PAM file integration

QR Codes vs. Australia

In 2017, surviving a day without a phone is a seemingly impossible task for most of us. With these devices so much a part of our existence, designers have of course found ways to integrate their world into the one we carry in our pocket. A big step in this direction is the recent iOS update that allows iPhone users to scan QR codes directly from their camera.

Included on everything from plane tickets to KFC buckets, QR codes have become a common method for pushing information from various sources onto mobile devices.  Despite their being common place however, these seemingly valuable codes have been slow to take off in Australia.

This slow traction is not an international occurrence, with China in particular popularising “Quick Response” codes. In China these can be found in everything from WeChat to mobile payments and seen everywhere from street markets to major retail precincts. With such a passionate following overseas, it’s worth asking why Australians have been so reluctant to pick them up.

One piece of research in 2012 found around 62% of Australians didn’t know what a QR code was. Even in 2017 a quick search of “QR code use Australia” returns results of “who the hell uses QR codes” as well as “The QR code is back”. It’s possible that this dichotomy in response can be tracked to a time when QR code use meant yet another app on our devices. In such a confusing market, how and why would designers integrate this in?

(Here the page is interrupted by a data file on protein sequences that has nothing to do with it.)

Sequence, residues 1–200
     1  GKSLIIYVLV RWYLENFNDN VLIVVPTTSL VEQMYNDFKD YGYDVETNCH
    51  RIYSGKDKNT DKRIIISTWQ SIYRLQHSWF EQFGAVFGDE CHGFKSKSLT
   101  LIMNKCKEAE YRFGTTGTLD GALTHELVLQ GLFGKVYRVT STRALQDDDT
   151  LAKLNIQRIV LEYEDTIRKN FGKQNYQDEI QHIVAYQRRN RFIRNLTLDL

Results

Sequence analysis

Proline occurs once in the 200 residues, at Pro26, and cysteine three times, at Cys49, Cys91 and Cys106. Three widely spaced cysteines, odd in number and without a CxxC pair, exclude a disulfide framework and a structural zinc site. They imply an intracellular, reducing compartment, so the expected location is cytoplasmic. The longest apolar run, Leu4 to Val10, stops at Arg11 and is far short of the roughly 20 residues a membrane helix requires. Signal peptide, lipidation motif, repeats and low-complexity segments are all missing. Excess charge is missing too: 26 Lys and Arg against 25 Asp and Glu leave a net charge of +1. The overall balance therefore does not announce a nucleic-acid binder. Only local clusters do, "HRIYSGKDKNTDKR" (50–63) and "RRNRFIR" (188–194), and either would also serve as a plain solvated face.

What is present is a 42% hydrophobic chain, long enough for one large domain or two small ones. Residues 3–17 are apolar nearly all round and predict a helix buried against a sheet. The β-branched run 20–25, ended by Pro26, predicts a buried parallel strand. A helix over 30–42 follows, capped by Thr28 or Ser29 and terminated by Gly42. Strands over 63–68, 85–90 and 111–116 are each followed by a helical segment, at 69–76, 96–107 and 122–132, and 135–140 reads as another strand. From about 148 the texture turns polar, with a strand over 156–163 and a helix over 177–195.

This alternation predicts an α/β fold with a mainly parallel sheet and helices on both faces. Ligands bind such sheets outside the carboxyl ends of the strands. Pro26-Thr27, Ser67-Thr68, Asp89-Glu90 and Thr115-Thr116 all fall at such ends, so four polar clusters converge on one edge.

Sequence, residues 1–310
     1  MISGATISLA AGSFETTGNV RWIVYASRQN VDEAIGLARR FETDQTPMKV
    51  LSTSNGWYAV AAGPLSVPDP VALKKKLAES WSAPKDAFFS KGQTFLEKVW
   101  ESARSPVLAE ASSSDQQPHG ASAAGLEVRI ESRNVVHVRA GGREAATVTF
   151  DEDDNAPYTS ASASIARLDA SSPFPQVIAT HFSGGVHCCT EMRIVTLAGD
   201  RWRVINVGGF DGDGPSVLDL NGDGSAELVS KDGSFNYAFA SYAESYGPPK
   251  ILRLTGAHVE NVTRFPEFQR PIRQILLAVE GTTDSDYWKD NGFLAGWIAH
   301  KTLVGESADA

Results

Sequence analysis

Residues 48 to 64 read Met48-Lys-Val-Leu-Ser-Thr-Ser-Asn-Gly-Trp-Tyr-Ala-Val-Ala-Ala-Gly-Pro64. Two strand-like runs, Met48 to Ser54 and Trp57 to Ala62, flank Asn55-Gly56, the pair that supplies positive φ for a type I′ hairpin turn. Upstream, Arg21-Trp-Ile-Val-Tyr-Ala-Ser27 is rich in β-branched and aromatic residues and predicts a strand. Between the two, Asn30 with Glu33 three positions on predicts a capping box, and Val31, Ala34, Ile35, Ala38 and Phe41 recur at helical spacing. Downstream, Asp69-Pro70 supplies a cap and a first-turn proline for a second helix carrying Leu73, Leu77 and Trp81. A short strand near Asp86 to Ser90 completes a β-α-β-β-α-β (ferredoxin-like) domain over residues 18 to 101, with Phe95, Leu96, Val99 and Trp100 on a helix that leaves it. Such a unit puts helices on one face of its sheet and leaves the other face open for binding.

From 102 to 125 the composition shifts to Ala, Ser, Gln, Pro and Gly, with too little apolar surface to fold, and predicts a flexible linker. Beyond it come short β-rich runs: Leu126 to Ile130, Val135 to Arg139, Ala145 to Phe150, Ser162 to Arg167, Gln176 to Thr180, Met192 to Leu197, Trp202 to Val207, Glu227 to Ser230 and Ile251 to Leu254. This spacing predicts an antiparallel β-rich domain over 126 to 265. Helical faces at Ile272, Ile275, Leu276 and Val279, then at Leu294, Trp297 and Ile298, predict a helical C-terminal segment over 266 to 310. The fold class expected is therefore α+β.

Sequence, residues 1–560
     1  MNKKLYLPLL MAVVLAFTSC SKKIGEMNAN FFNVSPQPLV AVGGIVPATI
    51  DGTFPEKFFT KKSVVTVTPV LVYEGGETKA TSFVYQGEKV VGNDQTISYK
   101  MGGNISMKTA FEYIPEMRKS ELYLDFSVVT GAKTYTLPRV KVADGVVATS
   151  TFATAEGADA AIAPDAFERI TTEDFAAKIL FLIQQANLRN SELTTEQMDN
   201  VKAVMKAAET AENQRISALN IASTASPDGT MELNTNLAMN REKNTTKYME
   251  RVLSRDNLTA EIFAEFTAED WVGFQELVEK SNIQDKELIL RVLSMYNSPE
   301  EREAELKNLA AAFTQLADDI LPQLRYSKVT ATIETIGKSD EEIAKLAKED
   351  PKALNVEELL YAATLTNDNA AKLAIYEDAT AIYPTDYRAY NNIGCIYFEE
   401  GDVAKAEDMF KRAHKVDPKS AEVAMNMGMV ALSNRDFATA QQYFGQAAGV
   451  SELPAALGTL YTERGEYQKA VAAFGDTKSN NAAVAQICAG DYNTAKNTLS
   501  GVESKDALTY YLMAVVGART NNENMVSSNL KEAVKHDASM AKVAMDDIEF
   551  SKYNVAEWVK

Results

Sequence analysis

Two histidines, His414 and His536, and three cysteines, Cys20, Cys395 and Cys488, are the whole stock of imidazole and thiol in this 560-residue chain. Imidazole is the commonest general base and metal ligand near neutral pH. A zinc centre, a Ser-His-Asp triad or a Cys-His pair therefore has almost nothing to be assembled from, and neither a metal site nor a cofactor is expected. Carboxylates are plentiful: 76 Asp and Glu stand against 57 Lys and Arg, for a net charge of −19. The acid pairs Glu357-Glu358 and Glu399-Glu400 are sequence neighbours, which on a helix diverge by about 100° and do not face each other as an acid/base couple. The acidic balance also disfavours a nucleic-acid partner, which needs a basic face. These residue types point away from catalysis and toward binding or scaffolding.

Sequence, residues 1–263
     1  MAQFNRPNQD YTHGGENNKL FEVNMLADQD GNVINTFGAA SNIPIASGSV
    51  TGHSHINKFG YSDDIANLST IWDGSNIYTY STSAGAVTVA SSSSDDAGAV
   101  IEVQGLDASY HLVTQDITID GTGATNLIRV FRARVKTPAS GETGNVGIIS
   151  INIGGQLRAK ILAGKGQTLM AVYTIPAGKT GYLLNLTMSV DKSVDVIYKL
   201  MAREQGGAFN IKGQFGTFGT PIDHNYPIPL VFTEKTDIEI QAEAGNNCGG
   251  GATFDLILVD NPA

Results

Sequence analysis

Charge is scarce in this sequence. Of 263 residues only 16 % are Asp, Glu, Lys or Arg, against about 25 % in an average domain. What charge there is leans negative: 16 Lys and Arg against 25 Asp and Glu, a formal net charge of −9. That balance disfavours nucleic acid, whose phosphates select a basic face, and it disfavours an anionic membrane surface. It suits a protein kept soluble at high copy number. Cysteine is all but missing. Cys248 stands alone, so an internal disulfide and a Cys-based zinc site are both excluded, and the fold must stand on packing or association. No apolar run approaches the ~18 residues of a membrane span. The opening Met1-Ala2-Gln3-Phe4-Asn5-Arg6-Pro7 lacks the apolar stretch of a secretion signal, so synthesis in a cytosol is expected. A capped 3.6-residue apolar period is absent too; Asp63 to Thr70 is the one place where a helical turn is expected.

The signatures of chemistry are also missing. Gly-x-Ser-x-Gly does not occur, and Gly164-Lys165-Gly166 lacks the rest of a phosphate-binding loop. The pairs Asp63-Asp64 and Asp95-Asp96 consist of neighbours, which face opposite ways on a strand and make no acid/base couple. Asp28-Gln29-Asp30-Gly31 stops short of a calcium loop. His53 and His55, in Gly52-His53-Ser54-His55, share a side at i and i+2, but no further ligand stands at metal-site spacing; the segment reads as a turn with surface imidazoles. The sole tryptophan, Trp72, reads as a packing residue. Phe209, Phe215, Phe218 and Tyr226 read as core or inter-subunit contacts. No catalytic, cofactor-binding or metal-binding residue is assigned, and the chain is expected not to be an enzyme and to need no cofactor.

This question is one that UTS posed in 2013 when beginning their $1 billion in renovations. UTS in partnership with Frost*Design and BrandCulture saw the value where others didn’t for one simple reason – the student market is different. In their drive to include technology into wayfinding practice, they added not only QR codes but NFC pairing as digital handshakes to guide students from signage right to their classroom.

4 years later and with the announcement of the new iOS update – this decision is more celebrated than ever. With a strong international student population in a campus open to Sydney CBD public – the use of QR codes for wayfinding has been immeasurably useful.

As this communication becomes increasingly popular in Australia, UTS can only expect their technology enabled totems to become more valuable. The removal of a barrier to entry with the latest ios update may bring Australia up to speed with QR use.

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